Donn's Articles » Pat Smullen

Pat Smullen

The difference between the Brickfield a quarter of a century ago and the Brickfield these days is that there is a house in the middle of it these days. Pat Smullen worked on this land back then for Mr Cotton, four miles from his home in Rhode in County Offaly, herding the cattle, helping his dad, 44 acres in a sprawling farm of over 300. Now he and his family live on it.

If you were to write a happy-ever-after story like this one, it would be filed in the too-far-fetched drawer: boy works on farm, boys does good, boy buys farm, in a Marquis of Carabas meets The Godfather-type tale. Smullen relaxes in his armchair in the sun-drenched kitchen, cup of tea in hand, at one with his mind and with the world around him. This is his release, he tells you. The golf course does it for some, the back of the bar does it for others, but this is where Smullen is at his most content, this is where he wants to be when he is not sitting on the back of a horse, at home with his family and with his land around him.

Smullen and wife Frances Crowley are here just three months, just about as long as latest arrival Sarah has been demanding attention. They are only beginning to get things sorted, but already they have the important photographs on the wall. Vinnie Roe on the far wall, Smullen’s horse, the horse on whom he won an unprecedented four Irish St Legers and a Prix Royal-Oak and on whom he just failed in the Ascot Gold Cup and the Melbourne Cup, the horse that picked him up as a promising young rider and carried him to the very top; Saoire on the wall beside the door, the filly that Frances trained to win the Irish 1000 Guineas in 2005.

To say that this has been a good year for Pat Smullen is to enter for the Understatement of the Year competition. Any year that you ride three Group 1 winners and win the jockeys’ championship is a good year. All three Group 1s – all for his boss Dermot Weld – were special for different reasons. Any Classic win is special, but Bethrah’s win in the Irish 1000 Guineas was made all the more so because of the fact that she is owned by Sheikh Hamdan Al Maktoum, an owner for whom top class fillies are so important, and because it was his first Irish 1000 Guineas win since Willie Carson rode Matiya to win it for him in 1996.

Chinese White’s win in the Pretty Polly Stakes at The Curragh in June was quite unbelievable, another fairytale ending. Multiple listed and Group race winner, Lady O’Reilly’s filly had never won at the highest level. Four times she had tried, and all four times she had come up short. Now in foal to Cape Cross, the Pretty Polly was her last chance, her very last race before she retired to the paddocks. How fitting that she should deliver.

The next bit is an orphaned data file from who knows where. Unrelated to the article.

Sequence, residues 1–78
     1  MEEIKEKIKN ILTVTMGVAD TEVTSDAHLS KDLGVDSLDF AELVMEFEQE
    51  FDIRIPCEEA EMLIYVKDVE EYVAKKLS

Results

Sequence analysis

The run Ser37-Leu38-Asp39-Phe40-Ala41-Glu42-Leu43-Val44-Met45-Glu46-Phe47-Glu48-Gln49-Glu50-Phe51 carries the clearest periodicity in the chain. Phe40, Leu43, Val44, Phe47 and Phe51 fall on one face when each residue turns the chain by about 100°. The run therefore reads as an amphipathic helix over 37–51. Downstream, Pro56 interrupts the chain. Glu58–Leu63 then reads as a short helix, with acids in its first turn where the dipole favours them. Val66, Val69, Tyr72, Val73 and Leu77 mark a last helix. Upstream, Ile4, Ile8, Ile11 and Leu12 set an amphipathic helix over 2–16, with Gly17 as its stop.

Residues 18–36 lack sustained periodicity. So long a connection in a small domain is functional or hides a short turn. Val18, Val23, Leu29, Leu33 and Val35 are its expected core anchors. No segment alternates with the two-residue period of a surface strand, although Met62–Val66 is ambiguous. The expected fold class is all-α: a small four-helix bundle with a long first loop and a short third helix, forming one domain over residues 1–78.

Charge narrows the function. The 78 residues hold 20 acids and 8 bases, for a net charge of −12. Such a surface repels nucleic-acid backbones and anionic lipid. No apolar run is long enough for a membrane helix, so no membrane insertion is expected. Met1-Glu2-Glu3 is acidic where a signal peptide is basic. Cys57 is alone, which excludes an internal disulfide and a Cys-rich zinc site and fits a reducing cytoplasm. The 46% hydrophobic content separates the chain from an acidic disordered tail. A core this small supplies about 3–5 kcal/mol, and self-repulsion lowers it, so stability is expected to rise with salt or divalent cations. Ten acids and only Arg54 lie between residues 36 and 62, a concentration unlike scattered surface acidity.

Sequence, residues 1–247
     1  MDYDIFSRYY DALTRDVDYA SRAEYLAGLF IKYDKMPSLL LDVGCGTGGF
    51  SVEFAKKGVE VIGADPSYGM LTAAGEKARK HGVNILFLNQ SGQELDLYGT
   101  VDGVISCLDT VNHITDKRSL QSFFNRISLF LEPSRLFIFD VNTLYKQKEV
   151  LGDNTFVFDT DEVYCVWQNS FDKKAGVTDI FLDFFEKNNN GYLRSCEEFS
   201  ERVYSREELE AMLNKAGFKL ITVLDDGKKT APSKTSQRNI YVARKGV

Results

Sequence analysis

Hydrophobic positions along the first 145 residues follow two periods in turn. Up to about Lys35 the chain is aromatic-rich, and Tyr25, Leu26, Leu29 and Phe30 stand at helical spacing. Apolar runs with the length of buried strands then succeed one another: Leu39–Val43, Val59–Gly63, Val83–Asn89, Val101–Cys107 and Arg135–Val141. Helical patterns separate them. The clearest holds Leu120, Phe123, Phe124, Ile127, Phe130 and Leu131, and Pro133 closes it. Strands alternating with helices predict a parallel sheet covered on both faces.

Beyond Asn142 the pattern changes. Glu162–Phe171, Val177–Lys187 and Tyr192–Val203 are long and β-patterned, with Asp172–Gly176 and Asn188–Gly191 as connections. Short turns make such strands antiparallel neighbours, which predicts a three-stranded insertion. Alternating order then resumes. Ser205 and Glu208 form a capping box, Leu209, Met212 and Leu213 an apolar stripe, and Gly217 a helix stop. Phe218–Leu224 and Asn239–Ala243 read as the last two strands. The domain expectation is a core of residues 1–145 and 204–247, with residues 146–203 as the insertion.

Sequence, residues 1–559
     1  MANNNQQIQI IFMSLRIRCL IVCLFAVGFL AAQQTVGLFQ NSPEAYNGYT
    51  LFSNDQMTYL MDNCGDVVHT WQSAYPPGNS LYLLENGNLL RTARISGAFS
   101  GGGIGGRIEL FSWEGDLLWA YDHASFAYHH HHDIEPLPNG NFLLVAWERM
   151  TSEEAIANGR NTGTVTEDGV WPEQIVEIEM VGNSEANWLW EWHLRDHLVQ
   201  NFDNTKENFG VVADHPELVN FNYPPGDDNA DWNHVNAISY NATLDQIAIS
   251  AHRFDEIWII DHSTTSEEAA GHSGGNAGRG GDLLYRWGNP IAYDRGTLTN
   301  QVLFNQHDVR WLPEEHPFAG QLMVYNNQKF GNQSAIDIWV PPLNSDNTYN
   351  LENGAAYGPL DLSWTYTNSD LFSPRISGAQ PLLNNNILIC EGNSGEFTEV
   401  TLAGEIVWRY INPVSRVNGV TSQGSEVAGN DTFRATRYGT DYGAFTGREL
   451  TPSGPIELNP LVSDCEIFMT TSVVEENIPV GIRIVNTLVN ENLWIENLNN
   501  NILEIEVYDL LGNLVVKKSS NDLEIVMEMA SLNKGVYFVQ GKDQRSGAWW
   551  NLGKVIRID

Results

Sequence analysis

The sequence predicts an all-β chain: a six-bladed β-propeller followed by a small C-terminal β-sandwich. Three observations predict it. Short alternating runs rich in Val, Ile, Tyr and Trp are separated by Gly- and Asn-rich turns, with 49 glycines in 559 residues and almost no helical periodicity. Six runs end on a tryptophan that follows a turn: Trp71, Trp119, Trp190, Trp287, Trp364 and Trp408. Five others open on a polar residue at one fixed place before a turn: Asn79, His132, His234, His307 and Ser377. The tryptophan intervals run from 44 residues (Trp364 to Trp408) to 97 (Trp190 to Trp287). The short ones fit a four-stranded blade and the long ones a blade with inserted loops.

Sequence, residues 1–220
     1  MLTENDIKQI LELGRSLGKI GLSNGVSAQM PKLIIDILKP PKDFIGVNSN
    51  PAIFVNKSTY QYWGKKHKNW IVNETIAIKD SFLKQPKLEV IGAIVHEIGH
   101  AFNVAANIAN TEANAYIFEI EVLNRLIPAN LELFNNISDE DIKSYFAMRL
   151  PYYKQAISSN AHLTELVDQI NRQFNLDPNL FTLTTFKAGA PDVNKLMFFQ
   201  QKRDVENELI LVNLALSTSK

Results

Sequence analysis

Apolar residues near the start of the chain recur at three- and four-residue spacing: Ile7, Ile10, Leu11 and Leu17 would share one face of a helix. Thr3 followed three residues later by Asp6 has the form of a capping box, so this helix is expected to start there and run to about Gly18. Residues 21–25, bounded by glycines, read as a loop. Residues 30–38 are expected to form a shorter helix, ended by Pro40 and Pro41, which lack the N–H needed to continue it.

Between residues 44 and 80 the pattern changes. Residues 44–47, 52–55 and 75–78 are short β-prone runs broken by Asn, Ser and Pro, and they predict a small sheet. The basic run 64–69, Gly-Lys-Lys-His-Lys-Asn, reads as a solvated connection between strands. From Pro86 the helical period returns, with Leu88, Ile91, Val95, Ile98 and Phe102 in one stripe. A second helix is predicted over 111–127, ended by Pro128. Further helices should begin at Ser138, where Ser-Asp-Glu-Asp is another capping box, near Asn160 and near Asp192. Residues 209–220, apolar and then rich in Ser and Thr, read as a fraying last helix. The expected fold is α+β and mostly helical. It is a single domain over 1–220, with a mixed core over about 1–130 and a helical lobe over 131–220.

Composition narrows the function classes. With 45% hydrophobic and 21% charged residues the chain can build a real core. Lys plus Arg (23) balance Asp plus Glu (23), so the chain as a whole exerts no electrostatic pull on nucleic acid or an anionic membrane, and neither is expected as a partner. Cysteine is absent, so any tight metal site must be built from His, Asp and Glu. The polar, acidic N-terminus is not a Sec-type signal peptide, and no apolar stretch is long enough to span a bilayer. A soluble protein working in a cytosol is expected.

But ask Smullen if one of these achievements stands out, if there was one feat that was more important to him than all the others this season, and he has no hesitation: the Ascot Gold Cup, Rite Of Passage.

“The Ascot Gold Cup is one of the great races,” he says thoughtfully. “And it was especially sweet for us because the boss tried hard to win it a few times, Vinnie Roe going very close, Vintage Crop going very close.”

Funny thing. Smullen always thought that Rite Of Passage was a good horse, he was always held in high regard by him and by Weld, and by all at Rosewell House, but the rider thought that he was a good bumper horse, a good flat horse, not an Ascot Gold Cup horse.

“It wasn’t really until he won the November Handicap that I started to think, you know, this fellow might not be too bad,” he smiles. “He was in training as a two-year-old, but he was just one of those big horses that was slow to come to hand. He is a very tall horse, it just took him a long time to mature into his frame. But he was one of those horses who improved and improved, and just ended up where he did.”

Even as a bumper horse, Smullen knew Rite Of Passage well. Dermot Weld’s stable jockey, he rides most of the horses in all their work. He is in the yard every day, he takes an interest in all the new recruits, he knows each one, knows their ability, their level of maturity, each one’s rate of progress, and he ended up riding Rite Of Passage in the 2009 Cheltenham Festival Bumper.

“You’d be always looking out for a horse to ride in the Cheltenham bumper,” he says. “Universal Truth was in the picture that year as well, but the boss always said that this was the one who would hopefully win it for us.”

Smullen still thought that he had a huge chance. He still has a hankering to ride a winner at the Cheltenham Festival, the bumper is the only race in which he can do it – he isn’t going to be touting for a ride in the Coral Cup any time soon – just one chance every year, and he thought that, in Rite Of Passage, he had a horse who was right up to the task.

“I got a lovely run around,” he recalls. “We were travelling well down the hill and into the dip, and I actually thought I was going to win. But as soon as that thought went through my mind, Dunguib arrived on my outside. To this day, I can’t believe that a National Hunt horse could arrive there with the speed that he did. He actually took a pull going around the home turn, I could hear Brian O’Connell saying wooah as he went past me, trying to slow him down. Then he just sprinted away from me around the bend and he was gone. It was unbelievable. Our horse ran a great race, but he was at a stage in his life when he was really only starting to come to himself, and Cheltenham is a very hard place for young horses.”

Rite Of Passage strengthened up during that summer, the summer of 2009. Smullen could see him getting better and stronger with every week that passed. He won his maiden at Ballinrobe that September, and he won the November Handicap at Leopardstown that, well, November, as easily as you liked. Probably too easily for a handicapper. If, indeed, he was a handicapper.

“The boss was away in America that day,” recalls the rider, “and I remember ringing him up to tell him how the day went. We had a very good day, Libano had won the listed race and Casual had won the last, but I was dreading telling him that I had won the November Handicap by eight lengths. He just said don’t worry about it, we won’t be worrying about handicaps for Rite Of Passage any more.”